What You Need To Know About Hard, Soft, or Backpack Coolers

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Imagine this: you’re on the beach, celebrating July 4th with your family. Or maybe you’re in a secluded campground in the mountains to escape the crowds. You reach into your cooler, only to discover that your iced tea is now just tea and that the ice has leaked all over the back seat of your new car. 

You know it’s time to break up with a crappy cooler and buy a new one.

But how do you know which cooler is the right one for you? Should you shell out for a hard cooler or soft cooler? Is there even a backpack cooler that actually does its job? Here’s what you need to know about hard, soft, or backpack coolers.

Hard Coolers

Do your coolers tend to look a little worse for wear after family vacations? Then a hard cooler may be the right option for you. Hard coolers are durable enough for everything life throws at them, including being dropped or enduring the ultimate test of small (but mighty) children. They also tend to have more storage space for extra cold drinks and keep things colder for an extended amount of time, which is ideal for that July 4th camping trip.

Another bonus to hard coolers? They’re better for wildlife. You’ve heard the saying, “a fed bear is a dead bear.” One of the best ways you can help wild bear populations is by securing your food. Hard coolers like the Yeti Tundra aren’t only masters of keeping food cold; they’re certified to keep bears out. And that makes things safer for people and wildlife alike.

Soft Coolers

So does this mean you shouldn’t even consider a soft cooler? Not necessarily. It boils down to your specific needs. As much as we love a solid hard cooler, sometimes it’s just too heavy to lug around for a day out. Coolers like the AO Original Soft Cooler are ideal for those spur-of-the-moment outings or a weekend getaway.

Soft coolers aren’t only lighter; they’re easier to store. Imagine trying to bring a big hard cooler on the plane with you for your trip to the Florida Keys (because you don’t want warm drinks in the summer sun). The large size renders it too impractical.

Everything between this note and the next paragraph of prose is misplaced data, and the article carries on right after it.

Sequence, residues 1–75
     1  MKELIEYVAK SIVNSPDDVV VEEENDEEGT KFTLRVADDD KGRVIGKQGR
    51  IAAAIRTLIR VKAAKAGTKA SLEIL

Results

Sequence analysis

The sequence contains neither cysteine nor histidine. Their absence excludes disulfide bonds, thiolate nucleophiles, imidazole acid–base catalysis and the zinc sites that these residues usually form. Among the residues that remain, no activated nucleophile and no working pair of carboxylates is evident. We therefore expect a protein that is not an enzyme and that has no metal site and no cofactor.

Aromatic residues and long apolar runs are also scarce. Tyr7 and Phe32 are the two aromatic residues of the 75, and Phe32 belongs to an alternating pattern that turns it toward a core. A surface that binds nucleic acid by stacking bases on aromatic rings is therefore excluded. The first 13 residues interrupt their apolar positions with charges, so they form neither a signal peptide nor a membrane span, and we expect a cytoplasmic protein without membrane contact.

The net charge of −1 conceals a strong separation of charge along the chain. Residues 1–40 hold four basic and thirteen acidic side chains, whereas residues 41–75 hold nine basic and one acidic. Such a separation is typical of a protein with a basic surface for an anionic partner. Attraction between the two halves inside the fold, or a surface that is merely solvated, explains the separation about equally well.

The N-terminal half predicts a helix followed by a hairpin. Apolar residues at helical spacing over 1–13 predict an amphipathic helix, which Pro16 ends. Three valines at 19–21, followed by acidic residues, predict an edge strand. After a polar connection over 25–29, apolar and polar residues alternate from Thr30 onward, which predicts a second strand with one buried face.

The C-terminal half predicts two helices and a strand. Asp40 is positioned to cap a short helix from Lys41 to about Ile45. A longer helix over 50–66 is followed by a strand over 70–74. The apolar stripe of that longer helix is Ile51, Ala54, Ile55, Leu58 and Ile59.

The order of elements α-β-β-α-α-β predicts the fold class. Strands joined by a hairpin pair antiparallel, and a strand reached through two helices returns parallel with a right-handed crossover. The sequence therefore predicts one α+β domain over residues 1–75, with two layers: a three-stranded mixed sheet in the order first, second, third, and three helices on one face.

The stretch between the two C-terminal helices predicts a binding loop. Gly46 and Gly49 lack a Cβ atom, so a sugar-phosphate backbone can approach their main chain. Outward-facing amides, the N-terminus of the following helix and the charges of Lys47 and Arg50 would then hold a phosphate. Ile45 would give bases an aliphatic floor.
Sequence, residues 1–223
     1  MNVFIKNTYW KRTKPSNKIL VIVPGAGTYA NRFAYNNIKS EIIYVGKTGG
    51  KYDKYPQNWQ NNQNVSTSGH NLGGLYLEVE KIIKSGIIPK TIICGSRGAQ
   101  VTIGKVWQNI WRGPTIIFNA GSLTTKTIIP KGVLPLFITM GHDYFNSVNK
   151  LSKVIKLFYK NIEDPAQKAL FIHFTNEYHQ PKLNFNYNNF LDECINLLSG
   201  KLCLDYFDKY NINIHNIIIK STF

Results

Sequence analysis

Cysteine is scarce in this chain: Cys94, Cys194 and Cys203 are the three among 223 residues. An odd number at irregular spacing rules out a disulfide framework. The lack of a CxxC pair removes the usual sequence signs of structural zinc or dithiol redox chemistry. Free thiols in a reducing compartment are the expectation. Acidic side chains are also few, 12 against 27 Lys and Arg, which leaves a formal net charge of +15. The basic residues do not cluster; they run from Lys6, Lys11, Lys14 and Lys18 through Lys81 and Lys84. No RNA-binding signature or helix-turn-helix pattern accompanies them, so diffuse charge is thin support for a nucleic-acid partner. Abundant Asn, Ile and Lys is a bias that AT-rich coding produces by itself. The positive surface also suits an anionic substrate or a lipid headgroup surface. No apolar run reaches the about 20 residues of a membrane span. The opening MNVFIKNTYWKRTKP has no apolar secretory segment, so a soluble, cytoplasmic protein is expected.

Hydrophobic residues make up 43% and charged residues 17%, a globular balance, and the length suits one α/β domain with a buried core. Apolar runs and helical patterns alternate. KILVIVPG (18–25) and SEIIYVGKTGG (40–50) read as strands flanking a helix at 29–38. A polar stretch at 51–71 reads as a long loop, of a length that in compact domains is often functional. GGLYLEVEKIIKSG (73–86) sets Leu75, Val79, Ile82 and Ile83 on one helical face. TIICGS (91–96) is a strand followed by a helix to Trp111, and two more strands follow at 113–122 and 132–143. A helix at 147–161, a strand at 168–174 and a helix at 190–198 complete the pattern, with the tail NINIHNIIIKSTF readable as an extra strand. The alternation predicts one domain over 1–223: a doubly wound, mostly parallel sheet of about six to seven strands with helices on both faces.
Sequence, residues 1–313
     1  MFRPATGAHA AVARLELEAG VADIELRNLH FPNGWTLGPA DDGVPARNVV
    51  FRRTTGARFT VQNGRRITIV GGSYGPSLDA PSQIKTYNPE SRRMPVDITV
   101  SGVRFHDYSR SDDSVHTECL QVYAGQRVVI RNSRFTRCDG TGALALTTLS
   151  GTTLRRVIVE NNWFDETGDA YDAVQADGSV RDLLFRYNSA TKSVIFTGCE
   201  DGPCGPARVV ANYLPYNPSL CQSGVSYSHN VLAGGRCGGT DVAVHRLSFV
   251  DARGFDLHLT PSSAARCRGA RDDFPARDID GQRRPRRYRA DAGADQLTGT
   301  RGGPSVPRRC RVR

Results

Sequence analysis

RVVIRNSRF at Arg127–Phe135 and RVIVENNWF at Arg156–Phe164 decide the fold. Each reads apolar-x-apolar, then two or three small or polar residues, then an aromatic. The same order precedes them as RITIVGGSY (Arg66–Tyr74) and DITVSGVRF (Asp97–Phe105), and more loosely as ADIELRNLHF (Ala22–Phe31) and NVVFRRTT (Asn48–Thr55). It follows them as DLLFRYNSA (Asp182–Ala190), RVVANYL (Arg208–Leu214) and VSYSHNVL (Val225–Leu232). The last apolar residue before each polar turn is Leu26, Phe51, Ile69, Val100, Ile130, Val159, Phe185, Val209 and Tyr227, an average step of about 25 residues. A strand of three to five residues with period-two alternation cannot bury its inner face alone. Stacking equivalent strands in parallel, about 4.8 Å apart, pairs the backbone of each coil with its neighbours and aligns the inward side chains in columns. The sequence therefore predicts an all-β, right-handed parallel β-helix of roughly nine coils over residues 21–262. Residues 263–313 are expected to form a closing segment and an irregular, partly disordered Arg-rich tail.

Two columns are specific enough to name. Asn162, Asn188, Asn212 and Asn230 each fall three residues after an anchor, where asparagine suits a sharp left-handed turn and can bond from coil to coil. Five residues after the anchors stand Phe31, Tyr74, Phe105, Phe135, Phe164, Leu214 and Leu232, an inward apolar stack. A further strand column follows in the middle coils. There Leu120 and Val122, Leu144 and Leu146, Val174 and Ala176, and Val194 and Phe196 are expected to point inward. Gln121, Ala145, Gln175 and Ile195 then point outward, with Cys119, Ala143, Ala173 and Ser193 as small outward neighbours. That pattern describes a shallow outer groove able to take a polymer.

Like the one mentioned above, soft coolers are more compact, and some, like the AO cooler, are even carry-on compliant with most major airlines. You get the benefit of having a cooler to keep your drinks cold without paying through-the-roof prices for checked baggage.

Backpack Coolers

Believe it or not, sometimes you can find a good backpack cooler, and there is a time when a backpack cooler makes more sense than a hard or soft cooler.

If you’re someone trying to beat the summer crowds, the backpack cooler may be the best fit for you. Those remote, off-the-beaten-path hikes to waterfalls or beautiful mountain peaks provide the perfect breathtaking views for your picnic. 

You can’t bring your Yeti Tundra to that family picnic. At least, it would be awkward and not enjoyable (and the point of eating lunch by a waterfall is to enjoy yourself, right?). Backpack coolers are perfect for when you have to walk a little further to your ideal destination. 

Having a backpack cooler makes transport easier for longer distances since you won’t have to carry lunch for four in one hand or awkwardly roll a cooler over rocks and rugged terrain for 3 miles. They’re also great when you need both hands free for both children.

Final Thoughts on Coolers

The wrong cooler can put a damper on your summer vacation. Hard, soft, and backpack coolers all have their own merits. Do your research to decide which cooler best suits you and your family’s needs. 

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